Challenges of marketing a taboo product in an emerging market that is also culturally conservative

On an early December morning in 2014, Mr Shabih Haider, Director of Biogenics, sipped his coffee as he stared absentmindedly out of his office window and looked at the traffic on the main Shahrah-e-Faisal road in Karachi. His forehead creased with concern as he thought about Hamdam, Biogenics’ contraceptive (condom) brand. He looked at the reports which reflected a falling sales trend over the past ten quarters as well as falling profitability figures. The reports made him uneasy. Ever since they had launched Hamdam, the sales were far from satisfactory. The entire Hamdam team had been concentrating their efforts on the branded contraceptive to drive up the sales, but the response had been less than desired.
The problems that Hamdam was facing were not easy to overcome. The general consumer perception towards the contraceptive market was not very accepting and the social rejections had made marketing for such brands a challenging task. Nonetheless, Pakistan still offered vast potential that was too significant to be ignored. 
Now is the time to develop the market, create awareness and find some effective solutions to communicate with the consumers,’ the diligent director thought to himself. Shabih Haider was not a man to give up easily. He believed in taking everything head-on as the key to dealing with challenging and formidable tasks. What lay ahead of him was a society which perceived the issue of family planning and use of contraceptives as a taboo topic and considered discussions regarding them as indecent and scandalous. In fact, anything related to sex was seen as unvirtuous in the society. Mr Shabih Haider, thus, was faced with the formidable task of establishing his condom brand Hamdam in the conservative Pakistani society.

Register now to read full case study on Marketing a Taboo Product and to know how Mr. Shabih Haider tackled the consumer mindset in Pakistan.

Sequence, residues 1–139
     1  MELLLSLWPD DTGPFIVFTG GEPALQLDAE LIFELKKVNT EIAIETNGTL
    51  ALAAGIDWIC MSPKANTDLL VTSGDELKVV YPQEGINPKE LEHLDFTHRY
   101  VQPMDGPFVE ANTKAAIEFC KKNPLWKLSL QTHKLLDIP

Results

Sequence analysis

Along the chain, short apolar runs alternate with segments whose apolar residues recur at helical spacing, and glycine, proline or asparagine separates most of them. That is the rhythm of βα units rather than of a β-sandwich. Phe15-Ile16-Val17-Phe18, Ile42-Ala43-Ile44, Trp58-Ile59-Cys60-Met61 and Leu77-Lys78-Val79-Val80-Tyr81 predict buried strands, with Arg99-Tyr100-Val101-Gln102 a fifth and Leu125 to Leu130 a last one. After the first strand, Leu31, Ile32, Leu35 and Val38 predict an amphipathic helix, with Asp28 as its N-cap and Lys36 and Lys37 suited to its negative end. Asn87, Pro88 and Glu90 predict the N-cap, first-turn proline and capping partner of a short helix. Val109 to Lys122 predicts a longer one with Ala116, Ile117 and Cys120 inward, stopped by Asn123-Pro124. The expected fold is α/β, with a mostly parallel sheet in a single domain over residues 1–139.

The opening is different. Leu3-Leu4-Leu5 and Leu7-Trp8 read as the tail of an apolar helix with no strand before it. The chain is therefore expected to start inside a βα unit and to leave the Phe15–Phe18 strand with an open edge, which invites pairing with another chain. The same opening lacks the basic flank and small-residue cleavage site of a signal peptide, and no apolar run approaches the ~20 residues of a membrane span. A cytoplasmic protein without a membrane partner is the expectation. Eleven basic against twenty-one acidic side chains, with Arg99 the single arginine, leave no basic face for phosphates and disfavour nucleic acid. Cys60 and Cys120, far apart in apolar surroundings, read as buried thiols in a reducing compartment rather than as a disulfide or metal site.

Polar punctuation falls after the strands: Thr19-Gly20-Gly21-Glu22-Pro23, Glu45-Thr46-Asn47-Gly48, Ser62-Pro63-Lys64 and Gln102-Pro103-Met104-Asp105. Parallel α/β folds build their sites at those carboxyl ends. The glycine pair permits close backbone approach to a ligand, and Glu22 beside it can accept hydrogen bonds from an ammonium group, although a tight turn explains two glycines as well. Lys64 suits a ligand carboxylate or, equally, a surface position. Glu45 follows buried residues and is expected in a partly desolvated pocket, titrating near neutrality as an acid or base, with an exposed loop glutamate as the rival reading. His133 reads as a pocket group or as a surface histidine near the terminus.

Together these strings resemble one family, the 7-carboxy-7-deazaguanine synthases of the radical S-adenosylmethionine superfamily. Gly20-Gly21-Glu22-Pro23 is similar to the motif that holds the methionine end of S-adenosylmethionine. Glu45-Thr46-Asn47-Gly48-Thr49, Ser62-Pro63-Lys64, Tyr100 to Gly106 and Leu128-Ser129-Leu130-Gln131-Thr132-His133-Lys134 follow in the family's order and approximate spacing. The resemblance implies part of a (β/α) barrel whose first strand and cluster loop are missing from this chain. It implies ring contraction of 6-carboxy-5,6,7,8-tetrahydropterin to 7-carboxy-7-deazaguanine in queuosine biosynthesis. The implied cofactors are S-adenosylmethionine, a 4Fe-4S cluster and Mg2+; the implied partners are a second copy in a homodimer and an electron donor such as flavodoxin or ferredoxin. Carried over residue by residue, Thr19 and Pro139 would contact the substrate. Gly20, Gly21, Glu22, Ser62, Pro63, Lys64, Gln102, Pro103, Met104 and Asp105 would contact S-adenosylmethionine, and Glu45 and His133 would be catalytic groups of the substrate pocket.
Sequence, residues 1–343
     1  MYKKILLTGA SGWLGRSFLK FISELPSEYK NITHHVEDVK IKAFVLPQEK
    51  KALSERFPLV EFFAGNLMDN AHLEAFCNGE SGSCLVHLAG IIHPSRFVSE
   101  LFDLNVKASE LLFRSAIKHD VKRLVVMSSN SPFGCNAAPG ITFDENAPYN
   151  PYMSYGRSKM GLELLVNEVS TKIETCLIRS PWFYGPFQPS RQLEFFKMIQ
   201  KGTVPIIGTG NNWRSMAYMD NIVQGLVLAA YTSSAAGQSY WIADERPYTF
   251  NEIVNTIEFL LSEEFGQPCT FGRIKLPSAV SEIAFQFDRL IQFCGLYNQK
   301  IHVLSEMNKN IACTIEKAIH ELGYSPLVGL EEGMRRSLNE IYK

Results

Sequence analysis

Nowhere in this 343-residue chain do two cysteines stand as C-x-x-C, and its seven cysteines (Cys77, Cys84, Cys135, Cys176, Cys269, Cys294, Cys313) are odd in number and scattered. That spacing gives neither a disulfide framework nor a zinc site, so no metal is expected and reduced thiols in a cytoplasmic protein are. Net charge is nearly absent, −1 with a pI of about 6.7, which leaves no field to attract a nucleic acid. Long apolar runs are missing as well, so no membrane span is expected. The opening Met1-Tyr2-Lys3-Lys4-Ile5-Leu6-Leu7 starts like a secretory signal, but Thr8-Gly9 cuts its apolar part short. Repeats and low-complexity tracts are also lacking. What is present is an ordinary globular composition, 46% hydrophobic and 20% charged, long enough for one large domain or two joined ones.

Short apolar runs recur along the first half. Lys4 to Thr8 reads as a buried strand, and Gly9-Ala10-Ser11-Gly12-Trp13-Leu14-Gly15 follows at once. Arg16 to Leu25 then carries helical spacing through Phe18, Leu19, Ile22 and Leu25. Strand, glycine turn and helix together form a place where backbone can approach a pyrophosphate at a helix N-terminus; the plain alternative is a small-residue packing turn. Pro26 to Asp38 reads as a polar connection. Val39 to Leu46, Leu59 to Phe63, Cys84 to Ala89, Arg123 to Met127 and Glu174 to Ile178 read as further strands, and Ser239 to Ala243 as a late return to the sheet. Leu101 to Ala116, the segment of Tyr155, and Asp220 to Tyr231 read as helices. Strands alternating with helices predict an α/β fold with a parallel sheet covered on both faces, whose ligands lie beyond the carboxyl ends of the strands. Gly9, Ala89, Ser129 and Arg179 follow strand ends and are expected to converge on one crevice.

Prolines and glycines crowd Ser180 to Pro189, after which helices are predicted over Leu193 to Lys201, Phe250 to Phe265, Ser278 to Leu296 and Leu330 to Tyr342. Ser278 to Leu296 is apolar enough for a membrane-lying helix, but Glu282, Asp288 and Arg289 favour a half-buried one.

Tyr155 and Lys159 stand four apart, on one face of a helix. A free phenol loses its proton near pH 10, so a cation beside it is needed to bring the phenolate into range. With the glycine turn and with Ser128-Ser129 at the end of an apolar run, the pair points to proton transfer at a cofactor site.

Friday, August 24, 2018

Celebrity Endorsements and Donations: How does it impact Philanthropic Giving?

There is something remarkable to be said about the overall impact celebrities have on the increase in donations for nonprofits. In fact, there has been significant growth in philanthropic giving in recent years. Indiana University’s The Philanthropy Outlook 2017 & 2018 reports a steady rise in philanthropic giving by individuals that is anticipated to follow an upward trajectory in foreseeable future. The reason for this incredible growth is because of a younger, more socially aware audience. 
To get a deeper look into the root cause, it is empirical to study the advertising message that is put out by marketers. A notable feature of nonprofit marketing is celebrity endorsement of their appeals for donations and celebrities acting as a “brand ambassador,” for the charitable cause. Organizations that have successfully used celebrity endorsers include well-recognized charities, such as Make-A-Wish and Silver Lining Foundation in service of children that need medical care. 

This article from Business Perspectives and Research investigates the effects of celebrity endorsers on donations and views of non-profits. The research in this articles focuses on two nonprofits that had two different and distinct agendas. Findings of the research indicate that ads that evoke positive emotions are more likely to convert to donations. Demographic characteristics, such as age, gender, and income also very important factors that affect donations. In some cases, it can also be seen that the nonprofit’s cause and advertising message were powerful enough to override the impact of the celebrity. 
These findings of this research can help marketers style their ads to evoke certain emotions, by using celebrity endorsers that will help them increase donations. Furthermore, understanding what drives donors will help nonprofits tailor marketing strategies. It is expected that by targeting their donor base effectively, non-profits will then witness an increase in donations.

Register now to read this article from the journal 'Business Perspectives and Research'

Monday, July 30, 2018

Have you talked to your child about sexual abuse?

Does your child know the difference between a ‘bad touch’ and a ‘good touch’? Did you bother to talk about this with your kid? If you understand how a child feels when sexually abused, you will also understand why is it important to be open to sharing and teaching our children about child sexual abuse.
According to Ministry of Women and Child Development survey, 53.2% of children in India are sexually abused. When we speak about child abuse, it is imperative to discuss certain form of abuses and exploitation of children. According to National Society for the Prevention of Cruelty to Children (NSPCC), England, there can be two different types of sexual abuse to children, namely contact abuse which includes penetrative sexual abuse and unwanted sexual touching. The second is no-contact abuse which includes encouraging children to see or hear sexual acts, online abuse, porn images and so on.